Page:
Unknown Black History Fact: Eleanor Roosevelt considered this fiery woman to be one of her closest friends after years of correspondence. In spite of the fact that her work has regrettably disappeared from public view, Murray’s legal expertise was crucial to Civil Rights movement. Rosa Parks, Thurgood Marshall, and President Kennedy all worked with her on Presidential Commission on a Status of Women in a 1960s, where she concentrated on “Jane Crow”: the ways in which sexism & racism colluded to impact Black female citizens of colour. A cancerous tumour claimed Murray’s life in 1985. An quest to make her childhood house the National Historic Landmark as well as a blockbuster biography about Murray & Eleanor Roosevelt, Firebrand and first Lady, have brought her work back into the public eye in the last decade or two.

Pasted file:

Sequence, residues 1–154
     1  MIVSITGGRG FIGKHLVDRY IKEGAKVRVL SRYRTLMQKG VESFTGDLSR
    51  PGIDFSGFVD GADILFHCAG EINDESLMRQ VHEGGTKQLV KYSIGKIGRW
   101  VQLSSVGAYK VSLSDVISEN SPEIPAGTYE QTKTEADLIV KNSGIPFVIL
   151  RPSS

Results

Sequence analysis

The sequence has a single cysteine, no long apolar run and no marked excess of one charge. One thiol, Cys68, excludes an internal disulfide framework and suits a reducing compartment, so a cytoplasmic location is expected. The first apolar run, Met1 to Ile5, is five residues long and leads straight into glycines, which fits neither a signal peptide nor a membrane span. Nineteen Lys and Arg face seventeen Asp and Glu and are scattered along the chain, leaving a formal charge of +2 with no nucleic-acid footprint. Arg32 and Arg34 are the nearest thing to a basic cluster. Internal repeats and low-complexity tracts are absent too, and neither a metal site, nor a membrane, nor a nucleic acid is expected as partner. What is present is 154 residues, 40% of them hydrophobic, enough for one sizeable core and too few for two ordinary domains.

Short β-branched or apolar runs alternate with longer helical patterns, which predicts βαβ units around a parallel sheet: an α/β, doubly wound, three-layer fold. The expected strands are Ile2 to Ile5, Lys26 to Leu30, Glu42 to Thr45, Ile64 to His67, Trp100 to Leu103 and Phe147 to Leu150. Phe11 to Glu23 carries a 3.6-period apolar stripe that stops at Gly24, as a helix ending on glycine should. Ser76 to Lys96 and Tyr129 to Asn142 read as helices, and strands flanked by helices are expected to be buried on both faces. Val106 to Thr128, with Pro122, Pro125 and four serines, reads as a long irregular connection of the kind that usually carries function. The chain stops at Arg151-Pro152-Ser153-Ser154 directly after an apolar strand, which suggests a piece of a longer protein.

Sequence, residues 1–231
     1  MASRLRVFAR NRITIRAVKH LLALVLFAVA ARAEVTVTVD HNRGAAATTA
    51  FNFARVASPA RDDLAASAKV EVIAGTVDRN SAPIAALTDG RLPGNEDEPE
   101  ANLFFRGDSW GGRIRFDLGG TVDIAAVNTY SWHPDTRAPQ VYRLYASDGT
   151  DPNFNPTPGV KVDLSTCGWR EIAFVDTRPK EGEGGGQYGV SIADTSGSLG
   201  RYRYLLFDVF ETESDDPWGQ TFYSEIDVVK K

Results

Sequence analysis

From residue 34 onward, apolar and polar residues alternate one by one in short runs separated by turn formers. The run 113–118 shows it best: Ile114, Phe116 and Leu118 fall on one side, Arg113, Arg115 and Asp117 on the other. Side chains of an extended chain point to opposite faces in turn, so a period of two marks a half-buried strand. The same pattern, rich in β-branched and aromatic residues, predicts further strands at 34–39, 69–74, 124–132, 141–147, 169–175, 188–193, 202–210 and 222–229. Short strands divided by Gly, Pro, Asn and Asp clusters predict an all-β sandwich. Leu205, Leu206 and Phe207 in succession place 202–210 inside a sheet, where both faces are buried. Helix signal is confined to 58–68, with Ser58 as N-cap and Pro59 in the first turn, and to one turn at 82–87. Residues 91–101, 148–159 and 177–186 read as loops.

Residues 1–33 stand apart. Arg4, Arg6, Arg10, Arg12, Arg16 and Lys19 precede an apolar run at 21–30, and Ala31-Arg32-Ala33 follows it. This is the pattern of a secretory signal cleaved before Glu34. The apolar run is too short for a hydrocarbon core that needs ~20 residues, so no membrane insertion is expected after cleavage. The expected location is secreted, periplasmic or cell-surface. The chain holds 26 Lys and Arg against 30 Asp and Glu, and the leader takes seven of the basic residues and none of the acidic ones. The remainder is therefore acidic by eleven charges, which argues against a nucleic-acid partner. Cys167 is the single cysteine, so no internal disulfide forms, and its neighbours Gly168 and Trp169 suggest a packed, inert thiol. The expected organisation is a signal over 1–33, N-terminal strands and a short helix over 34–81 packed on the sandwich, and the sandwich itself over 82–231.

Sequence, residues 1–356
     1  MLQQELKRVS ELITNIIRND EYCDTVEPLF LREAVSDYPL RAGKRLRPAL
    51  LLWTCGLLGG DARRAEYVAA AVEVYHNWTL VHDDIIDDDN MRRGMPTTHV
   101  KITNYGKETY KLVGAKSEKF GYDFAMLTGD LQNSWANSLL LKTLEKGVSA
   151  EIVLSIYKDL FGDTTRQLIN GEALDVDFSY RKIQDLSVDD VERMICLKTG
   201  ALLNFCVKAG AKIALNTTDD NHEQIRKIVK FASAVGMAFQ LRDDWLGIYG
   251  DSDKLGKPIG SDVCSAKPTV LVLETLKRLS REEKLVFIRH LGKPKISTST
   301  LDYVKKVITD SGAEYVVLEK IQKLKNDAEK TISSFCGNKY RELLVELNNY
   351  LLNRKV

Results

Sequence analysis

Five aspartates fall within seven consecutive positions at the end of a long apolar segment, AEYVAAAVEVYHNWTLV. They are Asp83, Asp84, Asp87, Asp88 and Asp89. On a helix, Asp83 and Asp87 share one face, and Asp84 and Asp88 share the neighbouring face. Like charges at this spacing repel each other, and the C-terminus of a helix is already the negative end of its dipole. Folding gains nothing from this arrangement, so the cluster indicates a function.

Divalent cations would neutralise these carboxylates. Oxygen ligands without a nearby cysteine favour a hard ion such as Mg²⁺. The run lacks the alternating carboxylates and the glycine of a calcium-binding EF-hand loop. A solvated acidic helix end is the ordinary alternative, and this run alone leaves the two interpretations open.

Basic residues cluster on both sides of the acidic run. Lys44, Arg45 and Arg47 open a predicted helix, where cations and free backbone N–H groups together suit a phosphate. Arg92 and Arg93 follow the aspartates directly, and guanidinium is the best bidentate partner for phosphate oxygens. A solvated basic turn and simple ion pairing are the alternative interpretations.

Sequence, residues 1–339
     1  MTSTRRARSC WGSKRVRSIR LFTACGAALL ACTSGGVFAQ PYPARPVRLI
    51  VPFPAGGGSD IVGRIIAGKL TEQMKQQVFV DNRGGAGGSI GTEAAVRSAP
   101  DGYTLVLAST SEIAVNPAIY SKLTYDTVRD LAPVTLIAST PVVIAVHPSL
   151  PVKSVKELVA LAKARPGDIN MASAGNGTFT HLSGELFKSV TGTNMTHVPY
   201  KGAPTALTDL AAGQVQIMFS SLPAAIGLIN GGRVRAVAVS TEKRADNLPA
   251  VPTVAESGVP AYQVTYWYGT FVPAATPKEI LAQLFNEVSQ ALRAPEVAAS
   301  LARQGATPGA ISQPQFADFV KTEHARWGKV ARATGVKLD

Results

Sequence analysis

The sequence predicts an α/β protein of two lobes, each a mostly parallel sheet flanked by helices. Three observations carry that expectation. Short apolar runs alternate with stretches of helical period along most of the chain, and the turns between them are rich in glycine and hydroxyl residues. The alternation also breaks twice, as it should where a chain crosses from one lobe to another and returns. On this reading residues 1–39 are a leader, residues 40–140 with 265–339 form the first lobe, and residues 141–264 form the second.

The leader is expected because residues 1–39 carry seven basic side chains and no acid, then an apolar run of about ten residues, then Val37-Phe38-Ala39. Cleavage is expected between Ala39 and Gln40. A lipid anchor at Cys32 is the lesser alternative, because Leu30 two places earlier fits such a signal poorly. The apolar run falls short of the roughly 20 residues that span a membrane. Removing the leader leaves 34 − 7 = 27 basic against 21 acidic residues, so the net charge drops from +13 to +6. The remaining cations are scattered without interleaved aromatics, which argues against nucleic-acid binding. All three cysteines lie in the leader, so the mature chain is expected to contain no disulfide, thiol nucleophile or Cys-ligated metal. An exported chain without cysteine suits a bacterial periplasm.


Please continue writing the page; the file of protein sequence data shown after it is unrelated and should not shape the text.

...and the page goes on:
6888th Battalion Was All-Black, All-Female Military Force  Delivered Mail For  World War Ii Soldiers Across The United Kingdom.

unknown black history fact

Unknown Black History Fact: This battalion was founded in February 1945 to deliver email to  government workers, American troops, and volunteers who were stationed overseas in England. Many shipments and letters were sent to people with common names &  no more instructions at the time. Morale suffered greatly as a result of service members not receiving their mail. Officials predicted that sorting and delivering the massive backlog would take six months or more because of the chaos in the postal warehouse.

A group of well-trained and eager African-American women were accepted into the 6888th Battalion in late 1944, and the regiment quickly filled up. As the “Six Triple Eight” trained near Oglethorpe, Georgia, the ladies leapt over trenches, identified enemy craft, and marched in preparation for combat. The Battalion’s female members experienced a number of close calls, injuries, or even death while delivering mail in a conflict zone.